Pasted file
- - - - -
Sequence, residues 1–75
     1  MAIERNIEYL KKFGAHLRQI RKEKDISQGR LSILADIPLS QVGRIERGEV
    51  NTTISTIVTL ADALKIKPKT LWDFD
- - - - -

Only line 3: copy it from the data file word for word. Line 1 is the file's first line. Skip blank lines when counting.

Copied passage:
    51  NTTISTIVTL ADALKIKPKT LWDFD